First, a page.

The Association of Mutual Funds in India (AMFI) has made representations to the Securities and Exchange Board of India (SEBI) on the first information report (FIR) registered against Franklin Templeton MF. AMFI has requested the regulator’s intervention to ensure fund managers don’t feel threatened over well-intentioned investment decisions going wrong because of external reasons.
“The fear factor and panic amongst fund managers could lead to an undesirable contagion effect on the entire MF industry, such as mass resignations, over-cautious and over-defensive approach towards investment decisions, resulting in lacklustre performance etc. and must be avoided at any cost,” AMFI’s letter to SEBI read.
On September 25, 2020, the Chennai Financial Markets and Accountability (CFMA) said that it had an FIR registered against Franklin Templeton MF and its top officials with the Economic Offences Wing of Chennai police.
While stating that it was not seeking to pre-judge the issue, the industry body urged SEBI to intervene in the matter and stake claim as the “sole authority to adjudicate all issues pertaining to the conduct of the mutual funds.”
“The aforesaid FIR is unprecedented in the history of mutual funds in India, and all AMCs are concerned that bona-fide decisions and actions of mutual funds, which may go awry due to various extraneous reasons, are translated into criminal action by non-expert bodies, even when an expert regulatory body has been established under an Act of Parliament, viz. SEBI Act…” the letter said.
It said this instance of FIR will not only have a “chillingly detrimental effect” on fund managers, who would worry over the consequences of genuine investment decisions going wrong due to factors beyond their control, but also senior managements of the fund houses, board of directors and trustee companies.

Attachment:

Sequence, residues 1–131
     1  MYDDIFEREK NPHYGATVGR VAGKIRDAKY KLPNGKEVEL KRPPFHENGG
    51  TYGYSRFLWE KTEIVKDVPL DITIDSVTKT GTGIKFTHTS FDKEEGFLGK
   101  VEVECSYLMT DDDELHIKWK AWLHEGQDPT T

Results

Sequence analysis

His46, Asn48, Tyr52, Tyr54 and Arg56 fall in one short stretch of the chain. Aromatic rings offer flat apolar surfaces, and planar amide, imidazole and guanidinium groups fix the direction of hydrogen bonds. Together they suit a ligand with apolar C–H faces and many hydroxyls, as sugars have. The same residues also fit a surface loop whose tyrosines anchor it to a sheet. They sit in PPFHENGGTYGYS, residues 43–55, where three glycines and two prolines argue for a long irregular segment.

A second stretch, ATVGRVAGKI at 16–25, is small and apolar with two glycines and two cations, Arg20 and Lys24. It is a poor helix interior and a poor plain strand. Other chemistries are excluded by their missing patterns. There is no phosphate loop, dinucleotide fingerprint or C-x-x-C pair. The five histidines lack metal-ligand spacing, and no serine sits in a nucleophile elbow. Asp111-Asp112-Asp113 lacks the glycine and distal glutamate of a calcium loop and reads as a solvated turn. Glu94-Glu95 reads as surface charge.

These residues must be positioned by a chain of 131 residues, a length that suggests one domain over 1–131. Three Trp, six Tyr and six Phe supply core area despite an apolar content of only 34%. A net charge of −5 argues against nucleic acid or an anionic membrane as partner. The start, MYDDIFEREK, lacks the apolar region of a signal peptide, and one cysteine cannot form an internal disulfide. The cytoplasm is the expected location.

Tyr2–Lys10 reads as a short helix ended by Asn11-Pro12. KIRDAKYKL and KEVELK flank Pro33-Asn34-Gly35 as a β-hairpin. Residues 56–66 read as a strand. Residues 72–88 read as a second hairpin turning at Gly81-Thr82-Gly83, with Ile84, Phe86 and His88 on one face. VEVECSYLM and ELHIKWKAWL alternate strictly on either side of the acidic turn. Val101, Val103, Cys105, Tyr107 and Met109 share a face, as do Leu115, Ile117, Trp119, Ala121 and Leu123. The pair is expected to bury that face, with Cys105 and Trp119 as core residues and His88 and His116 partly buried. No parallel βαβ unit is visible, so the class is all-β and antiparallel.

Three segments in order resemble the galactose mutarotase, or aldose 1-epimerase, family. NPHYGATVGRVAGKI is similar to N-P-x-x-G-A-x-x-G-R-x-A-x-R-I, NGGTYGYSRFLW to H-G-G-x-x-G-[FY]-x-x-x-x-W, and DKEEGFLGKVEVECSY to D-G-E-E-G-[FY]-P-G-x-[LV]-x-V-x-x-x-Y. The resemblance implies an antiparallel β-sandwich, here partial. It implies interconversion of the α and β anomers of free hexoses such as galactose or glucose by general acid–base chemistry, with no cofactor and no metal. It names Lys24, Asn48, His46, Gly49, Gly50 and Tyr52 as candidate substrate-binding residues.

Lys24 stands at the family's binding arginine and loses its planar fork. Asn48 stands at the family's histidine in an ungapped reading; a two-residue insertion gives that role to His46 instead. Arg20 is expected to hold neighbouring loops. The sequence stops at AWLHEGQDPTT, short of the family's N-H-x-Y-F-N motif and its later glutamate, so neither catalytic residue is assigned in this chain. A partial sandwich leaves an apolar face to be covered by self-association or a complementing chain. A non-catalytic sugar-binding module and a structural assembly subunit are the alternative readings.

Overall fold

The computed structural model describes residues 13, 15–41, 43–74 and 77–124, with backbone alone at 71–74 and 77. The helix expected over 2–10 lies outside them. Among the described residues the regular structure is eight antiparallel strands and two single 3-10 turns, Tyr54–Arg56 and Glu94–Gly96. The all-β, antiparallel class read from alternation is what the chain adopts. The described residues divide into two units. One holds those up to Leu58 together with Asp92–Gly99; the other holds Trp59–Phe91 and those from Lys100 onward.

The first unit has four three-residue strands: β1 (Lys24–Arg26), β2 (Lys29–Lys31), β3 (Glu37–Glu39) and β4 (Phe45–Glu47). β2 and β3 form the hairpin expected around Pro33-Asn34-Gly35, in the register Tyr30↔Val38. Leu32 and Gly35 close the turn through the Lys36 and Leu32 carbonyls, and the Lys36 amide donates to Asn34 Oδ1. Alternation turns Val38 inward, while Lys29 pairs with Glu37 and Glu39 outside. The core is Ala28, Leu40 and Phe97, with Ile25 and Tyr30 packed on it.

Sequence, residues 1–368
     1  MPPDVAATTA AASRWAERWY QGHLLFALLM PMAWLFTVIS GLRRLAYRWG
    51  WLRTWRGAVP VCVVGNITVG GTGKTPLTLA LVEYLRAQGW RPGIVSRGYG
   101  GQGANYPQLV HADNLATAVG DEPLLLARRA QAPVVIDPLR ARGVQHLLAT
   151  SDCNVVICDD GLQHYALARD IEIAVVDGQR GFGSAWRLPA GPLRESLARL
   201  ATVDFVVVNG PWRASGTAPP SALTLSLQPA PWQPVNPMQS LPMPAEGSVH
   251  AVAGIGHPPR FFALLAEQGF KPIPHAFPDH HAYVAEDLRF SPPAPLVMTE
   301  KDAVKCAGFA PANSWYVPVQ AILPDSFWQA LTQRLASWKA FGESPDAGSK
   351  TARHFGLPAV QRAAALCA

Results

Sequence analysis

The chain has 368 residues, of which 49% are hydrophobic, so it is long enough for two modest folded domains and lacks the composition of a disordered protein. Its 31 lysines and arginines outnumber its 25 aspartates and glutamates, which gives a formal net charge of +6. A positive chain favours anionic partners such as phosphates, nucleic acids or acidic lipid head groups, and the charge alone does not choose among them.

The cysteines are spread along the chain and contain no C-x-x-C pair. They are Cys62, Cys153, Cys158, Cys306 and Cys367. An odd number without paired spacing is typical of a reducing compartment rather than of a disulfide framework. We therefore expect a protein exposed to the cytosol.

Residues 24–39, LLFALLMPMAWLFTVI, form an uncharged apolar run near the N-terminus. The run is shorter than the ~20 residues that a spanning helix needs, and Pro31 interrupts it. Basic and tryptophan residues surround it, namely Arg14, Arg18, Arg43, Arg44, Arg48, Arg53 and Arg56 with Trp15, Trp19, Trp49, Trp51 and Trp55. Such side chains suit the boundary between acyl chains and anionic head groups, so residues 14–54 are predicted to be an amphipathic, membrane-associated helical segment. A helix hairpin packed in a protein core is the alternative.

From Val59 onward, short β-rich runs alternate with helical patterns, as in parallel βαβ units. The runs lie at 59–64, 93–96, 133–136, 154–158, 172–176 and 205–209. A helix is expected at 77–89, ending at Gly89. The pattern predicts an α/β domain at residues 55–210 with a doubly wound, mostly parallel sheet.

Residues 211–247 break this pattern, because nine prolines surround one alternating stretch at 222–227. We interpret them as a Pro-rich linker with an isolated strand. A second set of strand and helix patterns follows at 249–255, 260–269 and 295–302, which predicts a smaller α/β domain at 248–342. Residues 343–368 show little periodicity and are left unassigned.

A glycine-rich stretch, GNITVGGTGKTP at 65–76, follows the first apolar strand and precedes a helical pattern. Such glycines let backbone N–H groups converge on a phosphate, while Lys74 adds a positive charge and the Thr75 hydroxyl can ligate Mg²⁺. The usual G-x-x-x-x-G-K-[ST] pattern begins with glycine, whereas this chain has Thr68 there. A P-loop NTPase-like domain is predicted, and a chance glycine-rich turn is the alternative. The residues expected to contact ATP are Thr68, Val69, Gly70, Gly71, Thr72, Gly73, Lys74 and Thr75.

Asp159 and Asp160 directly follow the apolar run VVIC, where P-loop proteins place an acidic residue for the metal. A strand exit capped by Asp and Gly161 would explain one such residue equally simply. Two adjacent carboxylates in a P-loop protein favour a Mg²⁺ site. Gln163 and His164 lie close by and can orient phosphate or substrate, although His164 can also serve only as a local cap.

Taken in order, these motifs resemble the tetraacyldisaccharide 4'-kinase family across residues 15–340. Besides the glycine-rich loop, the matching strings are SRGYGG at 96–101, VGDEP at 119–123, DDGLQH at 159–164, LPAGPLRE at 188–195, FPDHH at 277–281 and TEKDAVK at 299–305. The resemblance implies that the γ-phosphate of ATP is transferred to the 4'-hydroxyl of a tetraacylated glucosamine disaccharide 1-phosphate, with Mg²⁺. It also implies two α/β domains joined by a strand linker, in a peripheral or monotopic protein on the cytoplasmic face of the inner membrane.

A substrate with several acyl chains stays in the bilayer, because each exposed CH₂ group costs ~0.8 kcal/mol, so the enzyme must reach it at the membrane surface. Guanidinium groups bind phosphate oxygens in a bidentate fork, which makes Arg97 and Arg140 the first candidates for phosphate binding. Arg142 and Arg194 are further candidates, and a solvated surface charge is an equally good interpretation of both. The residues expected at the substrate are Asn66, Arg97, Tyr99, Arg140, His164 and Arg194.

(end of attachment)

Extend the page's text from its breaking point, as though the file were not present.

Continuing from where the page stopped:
“This is a dangerous precedent, as mutual funds are already well-regulated under various laws, which a normal court may not be able to interpret it correctly. This can have deep ramifications for the mutual fund industry,” said senior executive of a fund house, requesting anonymity.
The letter said this could even impact performances of schemes, as fund managers may adopt an over-defensive or excessively cautious approach due to these fears.
“Exposing the mutual fund industry to various courts can make fund managers over-cautious in their investment decisions,” said Jimmy Patel, managing director and chief executive officer of Quantum MF.
Citing various provisions of the SEBI act, the industry body argued that it was clear that not only did SEBI have the power to criminally prosecute someone for a violation of the SEBI act, but such power is exclusively granted to SEBI, barring “anyone else from approaching the special courts which have the jurisdiction to try criminal offenses under the SEBI act.”
The letter said that the FIR filed against Franklin Templeton deserves to be quashed.
It highlighted section 26 of the SEBI act, which says that no court shall take congnisance of any offence punishable under this act (SEBI act) or any rules and regulations within the act, except if a complaint is made by the board.
“Fund houses are required to follow due procedures and norms laid down by SEBI when making any investment decision. In the case of Franklin, SEBI has already initiated a forensic audit to look into the investments of the wind-up schemes,” the first executive said.